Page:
What is the significance of the fact that the flax and the barley were smitten by the hail, whereas the wheat and the spelt were not?


Rashi #1: The hail broke what was hard and brittle, 1 but not what was still soft and supple. 2


Rashi #2 (citing the Tanchuma): The fact that the wheat and the spelt survived was a miracle of miracles 3 - Pil'ei Pela'os. 4


Ramban #1 (citing R. Sa'adya Ga'on): Moshe was telling Par'oh that when he Davened for the plague to cease, he would not be able to save the flax and the barley. Only the wheat and spelt could be saved. 5


Ramban #2: It was a warning to Par'oh that if, he did not relent, Hashem would send the plague of locusts, which would finish what the hail had left over.


Rashbam: Having said that the hail destroyed everything in the field, the Torah needed to inform us what the locusts still found to eat. 6


Seforno: It is to demonstrate the extent of Par'oh's wickedness - even though he saw that Moshe's prayers had prevented the hail from destroying everything, he hardened his heart and stubbornly refused to give in.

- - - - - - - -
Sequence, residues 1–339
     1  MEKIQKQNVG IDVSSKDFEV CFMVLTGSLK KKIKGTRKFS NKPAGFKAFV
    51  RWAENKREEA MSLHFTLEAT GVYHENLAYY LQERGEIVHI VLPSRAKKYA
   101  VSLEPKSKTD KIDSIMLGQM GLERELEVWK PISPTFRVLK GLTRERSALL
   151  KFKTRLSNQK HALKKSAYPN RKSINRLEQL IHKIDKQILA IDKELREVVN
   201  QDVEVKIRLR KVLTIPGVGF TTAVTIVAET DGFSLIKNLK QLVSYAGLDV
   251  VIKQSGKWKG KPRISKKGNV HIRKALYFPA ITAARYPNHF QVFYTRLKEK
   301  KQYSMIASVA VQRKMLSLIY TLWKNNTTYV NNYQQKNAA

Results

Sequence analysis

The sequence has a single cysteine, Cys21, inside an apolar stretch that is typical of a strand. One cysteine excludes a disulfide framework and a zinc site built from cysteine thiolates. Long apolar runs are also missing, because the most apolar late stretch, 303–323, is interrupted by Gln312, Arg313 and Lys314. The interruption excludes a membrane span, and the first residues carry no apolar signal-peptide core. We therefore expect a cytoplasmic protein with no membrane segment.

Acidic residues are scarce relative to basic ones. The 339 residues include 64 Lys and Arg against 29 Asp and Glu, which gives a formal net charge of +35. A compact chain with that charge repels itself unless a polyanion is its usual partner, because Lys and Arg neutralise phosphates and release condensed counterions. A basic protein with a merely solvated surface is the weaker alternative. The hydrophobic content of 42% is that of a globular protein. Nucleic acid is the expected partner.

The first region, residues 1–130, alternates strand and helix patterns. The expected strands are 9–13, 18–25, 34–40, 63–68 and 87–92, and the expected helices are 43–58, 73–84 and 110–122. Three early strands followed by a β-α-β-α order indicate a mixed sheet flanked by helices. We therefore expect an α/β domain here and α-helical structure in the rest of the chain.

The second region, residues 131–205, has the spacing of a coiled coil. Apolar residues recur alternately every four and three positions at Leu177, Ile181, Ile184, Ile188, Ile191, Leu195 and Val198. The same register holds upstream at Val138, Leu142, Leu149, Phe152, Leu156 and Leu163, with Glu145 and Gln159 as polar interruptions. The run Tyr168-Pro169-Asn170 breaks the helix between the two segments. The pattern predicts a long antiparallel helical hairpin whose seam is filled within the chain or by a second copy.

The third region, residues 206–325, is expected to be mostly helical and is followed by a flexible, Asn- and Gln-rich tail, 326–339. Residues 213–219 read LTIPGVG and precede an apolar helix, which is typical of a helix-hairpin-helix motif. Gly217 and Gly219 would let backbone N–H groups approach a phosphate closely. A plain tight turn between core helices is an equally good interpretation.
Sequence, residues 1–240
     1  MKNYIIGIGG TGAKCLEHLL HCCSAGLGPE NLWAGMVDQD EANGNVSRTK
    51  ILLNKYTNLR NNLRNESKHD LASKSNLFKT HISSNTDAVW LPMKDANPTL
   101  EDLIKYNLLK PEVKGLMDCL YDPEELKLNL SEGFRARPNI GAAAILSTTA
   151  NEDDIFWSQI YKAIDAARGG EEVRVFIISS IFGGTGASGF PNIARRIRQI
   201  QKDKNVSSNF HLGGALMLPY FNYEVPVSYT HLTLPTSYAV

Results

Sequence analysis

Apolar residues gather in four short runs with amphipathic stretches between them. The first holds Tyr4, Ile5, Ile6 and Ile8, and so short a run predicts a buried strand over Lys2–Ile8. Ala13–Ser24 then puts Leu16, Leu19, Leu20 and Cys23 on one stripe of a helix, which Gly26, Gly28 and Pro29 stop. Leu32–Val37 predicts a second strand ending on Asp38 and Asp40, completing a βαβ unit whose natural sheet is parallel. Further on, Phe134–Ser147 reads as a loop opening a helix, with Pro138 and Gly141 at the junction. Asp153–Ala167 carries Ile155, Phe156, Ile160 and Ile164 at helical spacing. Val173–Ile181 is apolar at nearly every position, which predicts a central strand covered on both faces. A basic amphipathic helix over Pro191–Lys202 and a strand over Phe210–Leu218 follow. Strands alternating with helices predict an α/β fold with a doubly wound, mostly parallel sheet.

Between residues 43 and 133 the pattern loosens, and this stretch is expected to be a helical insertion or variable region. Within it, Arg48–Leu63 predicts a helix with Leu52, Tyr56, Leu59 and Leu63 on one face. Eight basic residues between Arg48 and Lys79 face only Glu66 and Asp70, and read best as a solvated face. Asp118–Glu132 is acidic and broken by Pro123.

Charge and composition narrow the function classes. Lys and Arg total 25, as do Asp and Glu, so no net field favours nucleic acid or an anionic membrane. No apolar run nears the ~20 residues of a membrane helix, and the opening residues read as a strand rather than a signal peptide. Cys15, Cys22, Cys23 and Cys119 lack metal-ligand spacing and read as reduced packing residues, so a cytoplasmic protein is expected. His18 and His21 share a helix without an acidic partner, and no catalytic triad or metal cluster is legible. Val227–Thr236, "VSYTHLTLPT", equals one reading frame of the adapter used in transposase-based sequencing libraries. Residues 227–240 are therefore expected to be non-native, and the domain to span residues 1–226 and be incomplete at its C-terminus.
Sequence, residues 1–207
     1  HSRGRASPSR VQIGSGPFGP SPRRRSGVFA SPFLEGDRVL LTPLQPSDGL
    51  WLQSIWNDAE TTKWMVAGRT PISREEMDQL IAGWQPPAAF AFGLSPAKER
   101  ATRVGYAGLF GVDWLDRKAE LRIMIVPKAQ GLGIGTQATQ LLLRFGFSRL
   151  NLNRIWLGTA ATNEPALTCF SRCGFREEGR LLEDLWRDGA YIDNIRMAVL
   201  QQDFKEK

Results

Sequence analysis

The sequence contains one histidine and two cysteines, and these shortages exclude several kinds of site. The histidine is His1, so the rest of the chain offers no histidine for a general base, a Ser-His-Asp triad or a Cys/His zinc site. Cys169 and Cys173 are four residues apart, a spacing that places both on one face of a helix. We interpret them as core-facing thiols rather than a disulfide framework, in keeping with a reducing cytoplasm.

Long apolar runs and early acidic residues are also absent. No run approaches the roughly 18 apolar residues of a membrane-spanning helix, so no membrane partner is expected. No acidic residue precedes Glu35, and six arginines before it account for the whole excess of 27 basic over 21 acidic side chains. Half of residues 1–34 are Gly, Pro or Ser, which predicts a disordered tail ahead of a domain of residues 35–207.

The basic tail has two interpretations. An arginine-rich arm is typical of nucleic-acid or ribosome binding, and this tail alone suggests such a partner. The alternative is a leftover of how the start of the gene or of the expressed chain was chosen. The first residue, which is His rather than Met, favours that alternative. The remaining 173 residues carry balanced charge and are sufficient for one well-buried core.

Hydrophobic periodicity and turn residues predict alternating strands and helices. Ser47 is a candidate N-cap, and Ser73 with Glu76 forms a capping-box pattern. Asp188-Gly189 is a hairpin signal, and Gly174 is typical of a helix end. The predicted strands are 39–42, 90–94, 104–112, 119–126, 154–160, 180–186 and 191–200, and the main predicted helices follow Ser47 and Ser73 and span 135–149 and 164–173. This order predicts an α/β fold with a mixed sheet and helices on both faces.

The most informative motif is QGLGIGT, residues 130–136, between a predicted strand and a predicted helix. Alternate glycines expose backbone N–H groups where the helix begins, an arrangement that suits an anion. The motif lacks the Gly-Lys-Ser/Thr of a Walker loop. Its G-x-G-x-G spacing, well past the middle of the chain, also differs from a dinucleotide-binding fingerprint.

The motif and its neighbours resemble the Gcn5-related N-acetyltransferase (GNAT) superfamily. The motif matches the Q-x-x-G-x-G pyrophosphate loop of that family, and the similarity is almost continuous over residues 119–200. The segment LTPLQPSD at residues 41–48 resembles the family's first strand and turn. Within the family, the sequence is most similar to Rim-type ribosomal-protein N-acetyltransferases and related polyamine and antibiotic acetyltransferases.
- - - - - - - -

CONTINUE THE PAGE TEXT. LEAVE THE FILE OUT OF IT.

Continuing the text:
And Pasuk 25 refers to vegetation that was fully-grown and brittle.


Because it grew only later ("Afilos" means late). This also served as a lesson to Par'oh - that someone who stands up to the storm will perish, and it is one who bends before it who will survive.


Because, ripe or not, there is no way that the wheat and spelt could possibly have withstood the velocity of the hailstones coupled with the fire. See Oznayim la'Torah.


To give Par'oh a chance to do Teshuvah and save the land from total devastation. Refer to 9:16:2:1*.


See the Ramban's objection to this explanation. Oznayim la'Torah: Moshe was informing Par'oh that, due to his having begum to do Teshuvah, Hashem, for the first time, stopped the plague in the middle, to give him a chance to do Teshuvah.


Rashbam: Hail tends to destroy whatever is hard, whereas locusts consume whatever is soft.

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